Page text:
© 2018 by Olive Lowe

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  • Olive Lowe

To The Children of Dementia

I took my one year old daughter Brooklyn with me to a memory care unit today for what I call “baby therapy.” The residents were delighted to watch Brooklyn play with the assortment of balls on the floor, and she was delighted with the attention. As we took turns tossing balls around the room to each other, I watched a scene unfold which stamped my heart and mind.


There is nothing significant about the situation at first. A couple of women enter the unit, one looks to be in her 30s, and another woman in her elder years, maybe the younger woman’s mother. They watch the group of residents playing the game, eyes scanning the crowd. I assume they are a resident’s family members. They keep their distance for a while, and I study the younger woman’s face to determine which of the residents she belongs to. I can’t tell. They don’t approach anyone, and I think it’s probably because they don’t want to interrupt the game. The mother and daughter walk down the hall without saying hello to whomever it was they came to see. They come back. Finally letting her father see her, he immediately lights up and smiles at the younger woman. Now I can see. She has his nose. She waves and smiles back at him. Eventually she gets close enough to whisper something in his ear, and he reaches up to hold her hand against his cheek. His wife fiddles with something around his ear. He appears to be holding onto his daughter’s hand for comfort during this procedure but doesn’t let go when his wife is finished.


All of a sudden I notice the daughter is crying, her curly hair covering her face as she ducks her head behind her father’s so he can’t see. Suddenly I feel very intrusive. And very intrigued. She sobs and he keeps holding her hand against his face. The mother replaces the daughter’s hand and whispers something to her, maybe words of comfort. Without saying goodbye, the daughter leaves with her mother.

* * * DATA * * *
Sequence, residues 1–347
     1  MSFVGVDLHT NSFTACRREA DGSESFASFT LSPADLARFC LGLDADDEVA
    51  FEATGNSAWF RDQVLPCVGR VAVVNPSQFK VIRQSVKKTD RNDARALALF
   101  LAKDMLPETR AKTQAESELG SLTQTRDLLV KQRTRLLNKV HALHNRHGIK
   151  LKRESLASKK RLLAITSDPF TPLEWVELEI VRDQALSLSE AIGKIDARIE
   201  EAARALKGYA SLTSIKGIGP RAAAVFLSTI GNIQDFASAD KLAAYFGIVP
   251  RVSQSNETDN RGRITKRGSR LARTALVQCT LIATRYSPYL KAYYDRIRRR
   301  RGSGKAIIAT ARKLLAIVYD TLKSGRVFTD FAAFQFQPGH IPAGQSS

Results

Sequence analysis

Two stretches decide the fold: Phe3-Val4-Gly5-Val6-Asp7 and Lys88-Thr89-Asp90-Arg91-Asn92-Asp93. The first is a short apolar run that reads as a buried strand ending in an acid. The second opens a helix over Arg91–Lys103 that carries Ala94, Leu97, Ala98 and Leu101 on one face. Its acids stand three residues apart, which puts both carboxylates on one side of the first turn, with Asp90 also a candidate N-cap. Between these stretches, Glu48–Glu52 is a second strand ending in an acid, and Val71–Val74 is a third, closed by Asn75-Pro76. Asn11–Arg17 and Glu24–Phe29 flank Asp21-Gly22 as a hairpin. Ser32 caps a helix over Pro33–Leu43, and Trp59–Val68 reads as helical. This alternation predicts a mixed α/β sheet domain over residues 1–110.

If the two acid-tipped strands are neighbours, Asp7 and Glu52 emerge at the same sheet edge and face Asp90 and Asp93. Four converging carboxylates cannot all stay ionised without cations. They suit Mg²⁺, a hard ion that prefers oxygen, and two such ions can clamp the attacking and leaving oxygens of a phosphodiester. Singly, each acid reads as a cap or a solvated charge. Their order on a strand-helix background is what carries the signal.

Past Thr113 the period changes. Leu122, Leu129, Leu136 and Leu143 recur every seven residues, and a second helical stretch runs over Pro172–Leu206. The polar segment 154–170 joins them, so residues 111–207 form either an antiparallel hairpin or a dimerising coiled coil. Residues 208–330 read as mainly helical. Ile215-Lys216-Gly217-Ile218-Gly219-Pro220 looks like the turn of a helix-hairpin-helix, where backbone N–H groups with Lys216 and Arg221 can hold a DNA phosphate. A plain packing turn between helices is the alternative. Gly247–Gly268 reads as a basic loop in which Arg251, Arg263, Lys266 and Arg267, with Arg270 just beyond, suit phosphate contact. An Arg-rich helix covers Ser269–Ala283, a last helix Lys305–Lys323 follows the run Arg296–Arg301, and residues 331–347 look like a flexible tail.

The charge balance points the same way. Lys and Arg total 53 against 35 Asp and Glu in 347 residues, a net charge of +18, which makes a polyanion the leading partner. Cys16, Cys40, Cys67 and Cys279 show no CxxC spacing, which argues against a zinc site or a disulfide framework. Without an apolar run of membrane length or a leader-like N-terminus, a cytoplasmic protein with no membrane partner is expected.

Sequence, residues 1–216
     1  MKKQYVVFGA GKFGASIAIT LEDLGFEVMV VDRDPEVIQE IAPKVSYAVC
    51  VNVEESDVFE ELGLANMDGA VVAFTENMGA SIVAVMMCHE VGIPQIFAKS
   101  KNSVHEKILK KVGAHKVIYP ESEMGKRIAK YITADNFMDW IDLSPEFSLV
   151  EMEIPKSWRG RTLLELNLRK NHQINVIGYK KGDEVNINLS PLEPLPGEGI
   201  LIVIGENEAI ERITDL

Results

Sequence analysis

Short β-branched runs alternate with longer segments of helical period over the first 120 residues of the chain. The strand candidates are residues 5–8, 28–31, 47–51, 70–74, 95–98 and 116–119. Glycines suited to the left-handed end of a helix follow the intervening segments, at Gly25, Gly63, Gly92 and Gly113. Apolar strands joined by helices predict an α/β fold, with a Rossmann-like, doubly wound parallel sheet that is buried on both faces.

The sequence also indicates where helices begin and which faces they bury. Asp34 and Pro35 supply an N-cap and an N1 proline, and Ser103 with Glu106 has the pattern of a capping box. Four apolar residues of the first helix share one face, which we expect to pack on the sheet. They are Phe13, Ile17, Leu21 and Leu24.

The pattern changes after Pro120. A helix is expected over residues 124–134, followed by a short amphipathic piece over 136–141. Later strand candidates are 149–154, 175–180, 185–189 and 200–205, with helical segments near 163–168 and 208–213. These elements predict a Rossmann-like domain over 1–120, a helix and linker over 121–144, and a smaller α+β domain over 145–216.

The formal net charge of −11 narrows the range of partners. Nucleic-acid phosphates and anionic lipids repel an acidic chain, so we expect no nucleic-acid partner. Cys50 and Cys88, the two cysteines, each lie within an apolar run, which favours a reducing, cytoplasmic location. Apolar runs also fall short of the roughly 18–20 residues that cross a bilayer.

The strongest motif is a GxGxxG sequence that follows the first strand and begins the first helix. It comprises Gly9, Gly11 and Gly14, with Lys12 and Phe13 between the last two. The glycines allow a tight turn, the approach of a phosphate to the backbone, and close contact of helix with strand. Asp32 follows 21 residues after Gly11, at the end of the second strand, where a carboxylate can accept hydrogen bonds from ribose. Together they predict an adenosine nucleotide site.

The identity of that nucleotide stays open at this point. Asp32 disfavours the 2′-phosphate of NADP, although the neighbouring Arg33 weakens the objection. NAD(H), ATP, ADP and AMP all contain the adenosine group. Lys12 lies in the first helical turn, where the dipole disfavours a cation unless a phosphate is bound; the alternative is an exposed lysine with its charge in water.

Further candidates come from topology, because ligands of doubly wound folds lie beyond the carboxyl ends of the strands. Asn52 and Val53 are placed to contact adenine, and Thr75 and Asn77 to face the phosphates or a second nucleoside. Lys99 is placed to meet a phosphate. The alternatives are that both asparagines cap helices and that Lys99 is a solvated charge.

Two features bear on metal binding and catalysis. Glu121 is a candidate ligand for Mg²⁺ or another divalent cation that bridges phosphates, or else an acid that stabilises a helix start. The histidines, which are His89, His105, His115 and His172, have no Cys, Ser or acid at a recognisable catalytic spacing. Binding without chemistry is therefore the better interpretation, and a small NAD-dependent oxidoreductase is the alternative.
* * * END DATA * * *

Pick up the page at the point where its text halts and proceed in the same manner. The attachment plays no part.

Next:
I am changed. With no words at all and perhaps unwelcome visual eavesdropping, I have been reminded of something very important. When I worked at this very facility I took notice of which residents got visits and which didn’t.  I was angry at the families sometimes, especially those who I know lived close enough to visit regularly. Didn’t they care about their family members?


People ask me isn’t it hard to work in a place like that and see people suffering. Surprisingly, it was most of the time not painful at all. My job as a recreation therapist was to help bring them joy each day, and I saw them as my dear friends. My dear, old, memory-impaired friends. That is all they have been to me. He is not my father. She is not my mother. That is not my husband or my wife.


When someone you love is changed because of a health diagnosis, dementia or otherwise, you know what they have lost because you know them. You mourn more than anyone else, perhaps even more than the person himself, because you know and are aware of their losses. You know that your father used to be able to play guitar and swing dance and name all the presidents. You know that your mother used to run six miles a day and play bridge with her girlfriends and give you the advice you so desperately need. You must mourn for these losses.


I am not writing this to say I know how you feel. I don’t. I love your father too, but not the way you do, and so I haven’t lost him the way you have. I am writing this to say I am sorry for your pain, and I am in awe at your strength. I am in awe at your strength because I wonder if sometimes the easier thing to do would be to stay away and keep your distance so that you don’t have to face the pain of what you have lost. But you keep coming. Bless you for that because your parent needs you, even just your touch, just as a newborn needs a parent’s touch for their very survival.


I am also writing this to encourage you to keep trying to reach them. Because you know them, you know what will connect with them. You know what might bring them out of the fog. You know that your dad loved to garden, so you bring a tomato freshly plucked from your own backyard so he can feel it in his hands. Maybe it will get him talking. Maybe he will smile. Maybe he will cut it up and eat it with a sprinkle of salt. Maybe he will have no reaction at all. But you keep coming. You keep trying.


Thank you so much for that.




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